A former working-class district, Grottes Saint-Gervais owes its survival to the commitment of its inhabitants.
Development of the district: vines and workers’ houses
The village of Saint-Gervais has been part of the city since the Middle Ages. An engraving from 1548 refers to it as “Petite Genève” (little Geneva). Nevertheless, beyond the Cornavin gate, the current Grottes/Saint-Gervais district remained rural until the end of the 19th century. In the 18th century, the area was made up of fields, woods, vines and a scattering of bouregois houses.
At the beginning of the 19th century, these large estates gave way to hangars, small factories and workers’ houses. The nant de Pissevache, a watercourse which would often burst its banks, was channelled around 1837. Many more buildings sprung up after 1850. Varying considerably in style and almost overlapping one another, they were poor houses, some with small gardens where hens would peck at the ground. This period is rich in anecdotes.
A district condemned then renovated
Following the construction of the station in 1928, all construction or renovation projects were brought to a halt. The district was deemed dilapidated and unsanitary. The authorities planned to raze it then leave it to rot.
In 1971, a planning project intended to recreate les Grottes as a satellite city surrounded by major roads. The inhabitants opposed the project, creating the Action Populaire aux Grottes group (APAG). In light of this public pressure, the state abandoned its demolition project in favour of a renovation project. Saint-Gervais, on the other hand, was razed to the ground. In 1933, there was virtually nothing left and some claimed it look like “a peace-time bombing”.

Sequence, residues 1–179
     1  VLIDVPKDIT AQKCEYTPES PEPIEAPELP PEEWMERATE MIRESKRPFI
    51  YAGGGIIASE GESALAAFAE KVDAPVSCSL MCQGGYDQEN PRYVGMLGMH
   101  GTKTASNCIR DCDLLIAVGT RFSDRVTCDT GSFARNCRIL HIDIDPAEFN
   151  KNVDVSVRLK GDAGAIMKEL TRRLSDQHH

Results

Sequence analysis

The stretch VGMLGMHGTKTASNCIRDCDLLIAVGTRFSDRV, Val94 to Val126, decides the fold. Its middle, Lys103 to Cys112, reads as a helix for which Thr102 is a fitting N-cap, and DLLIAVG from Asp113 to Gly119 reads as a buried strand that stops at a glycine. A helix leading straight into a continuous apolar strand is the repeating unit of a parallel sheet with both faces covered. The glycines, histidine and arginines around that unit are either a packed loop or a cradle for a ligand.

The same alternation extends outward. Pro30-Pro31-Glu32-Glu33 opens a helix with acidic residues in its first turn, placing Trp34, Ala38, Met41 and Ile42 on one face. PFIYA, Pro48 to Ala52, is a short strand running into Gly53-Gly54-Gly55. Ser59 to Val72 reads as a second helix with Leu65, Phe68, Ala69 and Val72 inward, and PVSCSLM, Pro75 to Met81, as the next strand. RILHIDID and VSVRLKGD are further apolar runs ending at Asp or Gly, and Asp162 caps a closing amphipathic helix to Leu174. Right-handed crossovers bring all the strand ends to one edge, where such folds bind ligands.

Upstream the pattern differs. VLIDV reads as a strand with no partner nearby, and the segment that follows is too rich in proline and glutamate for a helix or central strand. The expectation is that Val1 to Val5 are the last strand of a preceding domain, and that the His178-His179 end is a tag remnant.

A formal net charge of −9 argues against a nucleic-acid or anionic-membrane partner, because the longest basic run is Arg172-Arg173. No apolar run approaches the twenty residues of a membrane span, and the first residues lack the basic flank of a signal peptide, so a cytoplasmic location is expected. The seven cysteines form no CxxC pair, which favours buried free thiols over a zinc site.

History shows that the Grottes Saint-Gervais district owes its survival to its inhabitants. Today, it is still a pioneering area in terms of participatory urban projects and has given rise to several district contracts. Its inhabitants thus actively work with the city to improve their own living conditions.
What do “les Grottes” and “Saint-Gervais” mean?
The district of les Grottes has nothing to do with a cave. Its name comes from the little river the passes through it, the nant des Crottes. This stream turned a muddy colour during flooding. In the 19th century, its name was changed to nant des Grottes.
Saint-Gervais derives its name from a church built in the 5th century on the site of the current temple. The name “Saint-Gervais” appears in a text dating back to 926.
Article modifié le 26.02.2020 à 15:48